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alloys and metals used in gun manufacture?


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Old 04-09-2011, 06:10 AM   #11
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Default notes on testing metal

here are some notes on how to test metals:

Each metal/alloy has its own set of procedures known to work best. First step it to dissolve the sample. How depends on the composition.


More methods exist outside the chemistry lab. There is an instrument that creates sparks with the alloy and analyzes the spectrum, for instance.

Depending on need, there may be problems with some elements: carbon, silicon, boron, nitrogen - these two being intentional and very active in 0.1% concentration -, phosphorous... absolutely necessary to measure in most steels.

Normally, density (which is easily measured to 10-3 accuracy on a simple shape) gives you the main element and the main alloying element including its proportion.

Most analysis methods are incapable of measuring some of the elements present in the alloy. Dissolving in acid won't show the nitrogen contents, probably not the phosphorus nor silicon, and so on. Sparks-and-spectrum can't properly show light elements.

Some elements are desired in some steel, even in small amounts, like nitrogen in Duplex 2205 or boron in some turbine refractory steel.
Other elements are very detrimental, hence not intentional, and must be measured. Phosphorus makes steel brittle even in small amounts. So does carbon, which is why it is added.
Some alloys specify a very low guaranteed maximum of some elements, like 0.02% carbon in many stainless steels.



Last edited by prof-milton-fireballs; 04-09-2011 at 06:12 AM.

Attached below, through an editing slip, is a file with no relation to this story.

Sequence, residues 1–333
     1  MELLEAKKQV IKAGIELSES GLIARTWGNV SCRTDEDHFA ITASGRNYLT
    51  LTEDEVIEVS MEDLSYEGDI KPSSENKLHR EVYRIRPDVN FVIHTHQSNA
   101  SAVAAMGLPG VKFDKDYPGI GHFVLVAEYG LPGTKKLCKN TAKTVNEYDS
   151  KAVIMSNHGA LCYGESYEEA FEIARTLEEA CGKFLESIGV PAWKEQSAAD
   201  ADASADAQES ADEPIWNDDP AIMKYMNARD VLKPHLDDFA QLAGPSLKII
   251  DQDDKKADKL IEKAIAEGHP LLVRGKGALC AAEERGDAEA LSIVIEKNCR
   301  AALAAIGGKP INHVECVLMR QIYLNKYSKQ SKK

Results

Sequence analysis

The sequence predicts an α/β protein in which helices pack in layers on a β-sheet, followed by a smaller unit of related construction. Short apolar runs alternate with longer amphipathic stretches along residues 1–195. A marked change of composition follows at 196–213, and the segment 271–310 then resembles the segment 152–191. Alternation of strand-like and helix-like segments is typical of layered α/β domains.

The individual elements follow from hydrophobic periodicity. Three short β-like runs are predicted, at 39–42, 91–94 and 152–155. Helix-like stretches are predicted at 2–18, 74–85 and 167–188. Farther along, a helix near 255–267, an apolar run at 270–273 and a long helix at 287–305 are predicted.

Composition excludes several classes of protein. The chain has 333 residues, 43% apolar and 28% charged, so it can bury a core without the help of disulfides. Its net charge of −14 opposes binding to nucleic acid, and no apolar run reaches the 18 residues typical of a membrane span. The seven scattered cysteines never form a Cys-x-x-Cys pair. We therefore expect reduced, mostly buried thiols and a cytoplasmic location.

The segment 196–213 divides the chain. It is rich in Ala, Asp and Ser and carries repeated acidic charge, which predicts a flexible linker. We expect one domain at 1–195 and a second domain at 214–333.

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Old 04-09-2011, 11:17 AM   #12
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There have been guns made of Tin, except the barrel and bolt, such as the old M3 grease gun and the WW2 liberator


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Old 04-09-2011, 07:49 PM   #13
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Look in the Yellow Pages for an inspection company, call and ask them if they have a Texas Nuclear Analyser, or equivalent. The TNA exposes the specimen to radiation from three radioisotopes and analyses the reflected spectrum to identify the elements present. The unit is programmed to give a direct identification for a number of AISI or ASTM specifications.

It is not as scary as it sounds as the isotopes are low strength and the unit is portable. A test takes only a minute or so. Some preparation of the surface is required, but the surfaces of most firearms should be suitable unless they are painted, parkerized, anodized or the like. If need be, one can remove the grips, prepare a surface, test, then touch it up afterwards. The test area is small, less than the size of a dime. I do not know what a test would cost, but if you are flexible you may get it for free if you know the right person and he is doing a job. The test is non-detructive so, apart from any surface preparation, the firearm will not be damaged.
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Old 04-09-2011, 07:55 PM   #14
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opaww,
Tin is too expensive and not suitable for making firearms. I believe you mean sheet steel which was use to make the M3 and Liberator. H&K used sheet steel to form parts for the G3 rifle and other firearms. Many AK 47s also are formed from sheet steel. The formed sheet is welded or rivitted to solid parts to make an assembly.
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